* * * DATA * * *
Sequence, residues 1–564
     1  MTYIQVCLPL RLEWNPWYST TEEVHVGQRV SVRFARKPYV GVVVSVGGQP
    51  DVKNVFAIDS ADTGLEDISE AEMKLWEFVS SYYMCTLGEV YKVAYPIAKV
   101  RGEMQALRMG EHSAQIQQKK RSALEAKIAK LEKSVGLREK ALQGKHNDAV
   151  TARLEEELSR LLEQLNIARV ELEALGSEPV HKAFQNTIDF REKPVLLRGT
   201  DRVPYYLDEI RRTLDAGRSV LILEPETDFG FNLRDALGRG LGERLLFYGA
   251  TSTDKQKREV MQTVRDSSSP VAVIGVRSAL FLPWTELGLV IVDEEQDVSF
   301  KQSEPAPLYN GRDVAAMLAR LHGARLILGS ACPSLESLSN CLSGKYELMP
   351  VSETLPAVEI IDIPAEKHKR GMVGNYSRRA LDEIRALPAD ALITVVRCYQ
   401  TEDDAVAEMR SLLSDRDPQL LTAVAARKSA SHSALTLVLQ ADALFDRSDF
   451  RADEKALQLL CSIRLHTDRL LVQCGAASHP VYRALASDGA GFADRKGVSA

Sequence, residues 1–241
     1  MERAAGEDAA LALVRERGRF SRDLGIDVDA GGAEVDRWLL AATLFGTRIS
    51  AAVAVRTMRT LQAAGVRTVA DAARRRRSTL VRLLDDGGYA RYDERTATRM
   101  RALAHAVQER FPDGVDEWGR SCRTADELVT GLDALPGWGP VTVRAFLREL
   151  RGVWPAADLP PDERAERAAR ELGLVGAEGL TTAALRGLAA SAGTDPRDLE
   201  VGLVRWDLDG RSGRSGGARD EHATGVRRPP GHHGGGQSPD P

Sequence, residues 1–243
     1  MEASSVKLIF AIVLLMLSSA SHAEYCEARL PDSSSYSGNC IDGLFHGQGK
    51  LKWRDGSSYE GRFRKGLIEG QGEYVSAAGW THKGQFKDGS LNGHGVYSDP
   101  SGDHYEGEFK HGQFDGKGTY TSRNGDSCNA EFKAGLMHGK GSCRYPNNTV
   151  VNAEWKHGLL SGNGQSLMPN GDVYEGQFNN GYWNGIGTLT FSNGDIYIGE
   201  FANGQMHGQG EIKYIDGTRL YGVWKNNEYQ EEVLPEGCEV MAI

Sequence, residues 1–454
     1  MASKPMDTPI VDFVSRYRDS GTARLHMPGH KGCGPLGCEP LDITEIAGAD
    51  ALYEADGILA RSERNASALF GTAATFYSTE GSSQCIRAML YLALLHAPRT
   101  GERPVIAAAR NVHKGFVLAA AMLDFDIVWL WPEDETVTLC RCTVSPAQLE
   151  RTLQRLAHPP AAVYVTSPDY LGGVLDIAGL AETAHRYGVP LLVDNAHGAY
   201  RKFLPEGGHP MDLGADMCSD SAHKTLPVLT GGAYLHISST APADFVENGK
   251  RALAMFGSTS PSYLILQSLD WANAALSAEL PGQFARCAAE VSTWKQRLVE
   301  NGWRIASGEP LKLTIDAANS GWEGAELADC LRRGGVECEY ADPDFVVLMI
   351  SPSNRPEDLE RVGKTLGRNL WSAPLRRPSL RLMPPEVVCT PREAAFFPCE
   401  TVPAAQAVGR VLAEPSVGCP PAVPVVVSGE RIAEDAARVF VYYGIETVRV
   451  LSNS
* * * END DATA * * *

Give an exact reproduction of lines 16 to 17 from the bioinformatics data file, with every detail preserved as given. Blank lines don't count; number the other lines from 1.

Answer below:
   151  RGVWPAADLP PDERAERAAR ELGLVGAEGL TTAALRGLAA SAGTDPRDLE
   201  VGLVRWDLDG RSGRSGGARD EHATGVRRPP GHHGGGQSPD P